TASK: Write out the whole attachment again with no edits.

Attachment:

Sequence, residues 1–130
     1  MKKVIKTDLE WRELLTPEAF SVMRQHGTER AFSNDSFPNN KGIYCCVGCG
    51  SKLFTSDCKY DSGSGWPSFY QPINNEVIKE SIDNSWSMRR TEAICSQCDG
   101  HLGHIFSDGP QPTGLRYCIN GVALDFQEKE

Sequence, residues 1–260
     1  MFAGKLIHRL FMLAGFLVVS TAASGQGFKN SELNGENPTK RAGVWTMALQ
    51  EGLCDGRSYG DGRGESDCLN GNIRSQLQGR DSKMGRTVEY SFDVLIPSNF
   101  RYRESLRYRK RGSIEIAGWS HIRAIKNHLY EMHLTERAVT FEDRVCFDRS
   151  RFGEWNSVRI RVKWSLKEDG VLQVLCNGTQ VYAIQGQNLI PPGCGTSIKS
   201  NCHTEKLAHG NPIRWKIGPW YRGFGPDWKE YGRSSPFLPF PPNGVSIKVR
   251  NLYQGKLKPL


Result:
Sequence, residues 1–130
     1  MKKVIKTDLE WRELLTPEAF SVMRQHGTER AFSNDSFPNN KGIYCCVGCG
    51  SKLFTSDCKY DSGSGWPSFY QPINNEVIKE SIDNSWSMRR TEAICSQCDG
   101  HLGHIFSDGP QPTGLRYCIN GVALDFQEKE

Sequence, residues 1–260
     1  MFAGKLIHRL FMLAGFLVVS TAASGQGFKN SELNGENPTK RAGVWTMALQ
    51  EGLCDGRSYG DGRGESDCLN GNIRSQLQGR DSKMGRTVEY SFDVLIPSNF
   101  RYRESLRYRK RGSIEIAGWS HIRAIKNHLY EMHLTERAVT FEDRVCFDRS
   151  RFGEWNSVRI RVKWSLKEDG VLQVLCNGTQ VYAIQGQNLI PPGCGTSIKS
   201  NCHTEKLAHG NPIRWKIGPW YRGFGPDWKE YGRSSPFLPF PPNGVSIKVR
   251  NLYQGKLKPL